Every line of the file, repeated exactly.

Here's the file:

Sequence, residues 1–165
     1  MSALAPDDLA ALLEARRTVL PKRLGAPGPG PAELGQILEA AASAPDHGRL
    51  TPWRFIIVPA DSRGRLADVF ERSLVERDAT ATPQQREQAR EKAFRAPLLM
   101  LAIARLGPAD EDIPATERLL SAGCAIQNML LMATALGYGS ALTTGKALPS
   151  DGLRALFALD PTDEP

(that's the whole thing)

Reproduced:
Sequence, residues 1–165
     1  MSALAPDDLA ALLEARRTVL PKRLGAPGPG PAELGQILEA AASAPDHGRL
    51  TPWRFIIVPA DSRGRLADVF ERSLVERDAT ATPQQREQAR EKAFRAPLLM
   101  LAIARLGPAD EDIPATERLL SAGCAIQNML LMATALGYGS ALTTGKALPS
   151  DGLRALFALD PTDEP